March 10, 2017
In May this year, a team from the Sakteng Wildlife Sanctuary and medical professionals from the Trashigang District Hospital and nearby Basic Health Units will lead a Nomad Health Camp in Merak and Sakteng. The Sakteng Wildlife Sanctuary will be leading such health camp for the first time. The health camp will provide basic health screening for health-related issues and create awareness on environment hazards and its effects on human health.
Sakteng Wildlife Sanctuary (SWS) is one of the 10 protected areas declared by the Royal Government of Bhutan under the farsighted leadership of His Majesty the fourth Druk Gyalpo Jigme Singye Wangchuck. With an assemblage of rich ecosystem diversity and distinctive culture, it is home to some of the most rare, threatened wild flora and fauna species. The Sanctuary is adorned with a diverse ecosystem ranging from warm broadleaved forests to alpine meadows.
Located in easternmost part of the country, it has an area of 740.60 km2 encompassing both the Merak and Sakteng Gewogs under Trashigang Dzongkhag, and a part of Lauri Gewog under Samdrup Jongkhar Dzongkhag. The Sanctuary also shares the border with the Indian State of Arunachal Pradesh in the East and North. For promoting a healthy faunal population, the Sanctuary is well connected by a biological corridor to Jomotshangkha Wildlife Sanctuary forming a part of the Bhutan Biological Corridor Complex (B2C2).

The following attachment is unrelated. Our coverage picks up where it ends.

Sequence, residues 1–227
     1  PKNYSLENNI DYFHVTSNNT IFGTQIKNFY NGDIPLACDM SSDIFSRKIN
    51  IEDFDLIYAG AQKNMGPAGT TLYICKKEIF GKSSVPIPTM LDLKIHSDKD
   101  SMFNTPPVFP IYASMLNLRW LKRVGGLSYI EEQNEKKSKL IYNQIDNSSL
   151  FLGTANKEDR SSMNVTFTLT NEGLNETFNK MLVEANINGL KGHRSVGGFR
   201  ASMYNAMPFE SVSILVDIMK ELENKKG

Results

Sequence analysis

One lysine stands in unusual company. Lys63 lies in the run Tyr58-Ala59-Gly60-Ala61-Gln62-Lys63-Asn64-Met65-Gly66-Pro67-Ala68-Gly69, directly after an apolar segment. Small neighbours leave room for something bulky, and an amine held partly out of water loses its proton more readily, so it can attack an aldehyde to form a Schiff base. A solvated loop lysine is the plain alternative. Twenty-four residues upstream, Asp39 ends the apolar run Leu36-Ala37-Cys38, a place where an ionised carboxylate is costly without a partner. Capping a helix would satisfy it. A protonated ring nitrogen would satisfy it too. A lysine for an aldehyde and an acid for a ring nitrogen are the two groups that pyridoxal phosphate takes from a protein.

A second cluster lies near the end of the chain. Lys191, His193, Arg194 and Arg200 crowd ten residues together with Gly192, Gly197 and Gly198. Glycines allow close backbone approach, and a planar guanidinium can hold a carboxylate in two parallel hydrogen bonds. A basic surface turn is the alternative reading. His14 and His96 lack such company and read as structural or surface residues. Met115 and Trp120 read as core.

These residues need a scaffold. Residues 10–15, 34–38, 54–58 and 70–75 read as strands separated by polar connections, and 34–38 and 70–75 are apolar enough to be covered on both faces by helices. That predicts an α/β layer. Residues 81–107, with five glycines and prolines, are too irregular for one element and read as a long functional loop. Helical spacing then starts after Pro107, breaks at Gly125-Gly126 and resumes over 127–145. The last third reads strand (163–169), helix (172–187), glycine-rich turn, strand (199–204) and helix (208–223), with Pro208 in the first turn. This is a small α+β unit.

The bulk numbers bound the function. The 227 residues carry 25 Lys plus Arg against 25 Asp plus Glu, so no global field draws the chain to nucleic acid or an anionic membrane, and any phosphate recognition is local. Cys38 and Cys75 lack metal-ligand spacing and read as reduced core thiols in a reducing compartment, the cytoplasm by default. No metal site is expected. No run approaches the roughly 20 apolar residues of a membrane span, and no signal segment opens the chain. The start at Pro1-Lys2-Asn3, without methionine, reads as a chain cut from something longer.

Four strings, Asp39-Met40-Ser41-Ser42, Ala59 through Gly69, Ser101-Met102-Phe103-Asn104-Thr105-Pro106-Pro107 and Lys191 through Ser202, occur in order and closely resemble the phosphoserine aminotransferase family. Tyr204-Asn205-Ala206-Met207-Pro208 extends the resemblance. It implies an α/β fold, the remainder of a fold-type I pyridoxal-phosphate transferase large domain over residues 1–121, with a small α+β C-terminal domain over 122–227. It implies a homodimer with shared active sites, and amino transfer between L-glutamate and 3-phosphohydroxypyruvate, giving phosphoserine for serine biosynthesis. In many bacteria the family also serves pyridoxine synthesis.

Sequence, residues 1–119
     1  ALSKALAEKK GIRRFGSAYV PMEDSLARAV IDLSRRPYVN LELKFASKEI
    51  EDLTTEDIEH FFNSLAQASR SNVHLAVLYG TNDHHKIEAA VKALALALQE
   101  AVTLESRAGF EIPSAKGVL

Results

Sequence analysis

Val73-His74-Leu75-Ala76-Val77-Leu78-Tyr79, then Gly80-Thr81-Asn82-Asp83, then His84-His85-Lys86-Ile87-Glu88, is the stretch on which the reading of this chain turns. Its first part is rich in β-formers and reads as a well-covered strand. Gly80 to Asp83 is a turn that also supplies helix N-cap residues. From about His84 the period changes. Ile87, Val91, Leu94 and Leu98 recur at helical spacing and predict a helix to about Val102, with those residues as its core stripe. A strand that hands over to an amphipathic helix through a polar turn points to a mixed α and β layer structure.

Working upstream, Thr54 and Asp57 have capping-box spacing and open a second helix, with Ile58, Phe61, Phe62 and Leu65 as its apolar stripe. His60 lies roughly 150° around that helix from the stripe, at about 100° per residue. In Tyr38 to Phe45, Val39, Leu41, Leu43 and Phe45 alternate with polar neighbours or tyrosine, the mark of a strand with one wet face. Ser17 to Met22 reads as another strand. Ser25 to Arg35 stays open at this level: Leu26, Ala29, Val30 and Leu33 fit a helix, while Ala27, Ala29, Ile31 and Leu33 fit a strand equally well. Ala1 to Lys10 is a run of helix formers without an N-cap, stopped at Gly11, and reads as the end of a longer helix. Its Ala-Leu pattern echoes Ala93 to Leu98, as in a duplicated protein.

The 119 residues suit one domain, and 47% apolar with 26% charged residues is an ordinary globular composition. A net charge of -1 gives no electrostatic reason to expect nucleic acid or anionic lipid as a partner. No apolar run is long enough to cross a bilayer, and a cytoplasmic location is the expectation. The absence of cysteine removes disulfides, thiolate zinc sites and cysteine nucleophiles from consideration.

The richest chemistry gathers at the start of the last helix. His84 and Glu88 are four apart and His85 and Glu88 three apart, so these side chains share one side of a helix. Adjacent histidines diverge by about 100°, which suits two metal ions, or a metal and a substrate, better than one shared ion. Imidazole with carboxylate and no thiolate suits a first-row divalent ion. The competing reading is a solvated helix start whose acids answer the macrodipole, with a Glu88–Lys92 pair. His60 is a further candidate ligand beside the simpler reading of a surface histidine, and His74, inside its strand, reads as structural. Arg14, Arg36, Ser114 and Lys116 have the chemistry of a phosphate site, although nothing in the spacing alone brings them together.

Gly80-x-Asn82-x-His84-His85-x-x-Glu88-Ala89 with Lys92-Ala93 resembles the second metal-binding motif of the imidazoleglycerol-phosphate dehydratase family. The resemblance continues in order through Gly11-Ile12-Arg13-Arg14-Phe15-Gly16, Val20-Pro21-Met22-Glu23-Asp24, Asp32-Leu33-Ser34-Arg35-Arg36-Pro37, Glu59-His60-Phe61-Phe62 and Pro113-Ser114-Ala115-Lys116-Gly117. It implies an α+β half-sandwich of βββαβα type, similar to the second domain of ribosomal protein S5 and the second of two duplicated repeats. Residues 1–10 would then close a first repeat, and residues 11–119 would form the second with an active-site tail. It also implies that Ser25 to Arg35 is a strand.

Numerous settlements and communities residing right inside the National Parks and Wildlife Sanctuaries make the protected area systems exclusively unique from rest of the world. The nomadic communities of the Sakteng Wildlife Sanctuary are spread across high mountain pastures at altitudes over 13,000 feet where they remain for most of the year with their livestock. Approximately 5000 nomadic pastoralists live inside the Sanctuary of which 85% derive their livelihood entirely from yak herding and livestock rearing. This group of people migrates twice annually from mountains to lower areas in winter and vice versa in summer with their livestock.
Providing basic health care services to these nomadic communities is challenging due to difficult terrain and high altitudes in addition to the migration practices they follow. The nearest Basic Health Units are often a two to four day journey on foot. They also face increasing temperature due to climate change; deteriorating water quality (due to frequent flash floods), waste in water bodies, etc. The incidences of skin disease, bone disease, sexually transmitted infections etc. are quite common in nomadic populations and are likely to rise.
Extending such services to these nomadic communities is extremely vital to keep them healthy and potent. This group of people forms important conservation partners in the alpine ecosystem of frontier areas of the east. Furthermore, the proposed camp will garner conservation stewards from the nomadic communities.
The Bhutan Foundation is happy to support the first-ever Nomad Health Camp in Merak and Sakteng, Trashigang. The Sakteng Wildlife Sanctuary, Department of Forests and Parks Services will lead the health camp in partnership with the medical professionals of the Trashigang District Hospital and Basic Health Units at Merak and Sakteng. So far, we have led two nomad health camps in Jomolhari region and one in Bumthang.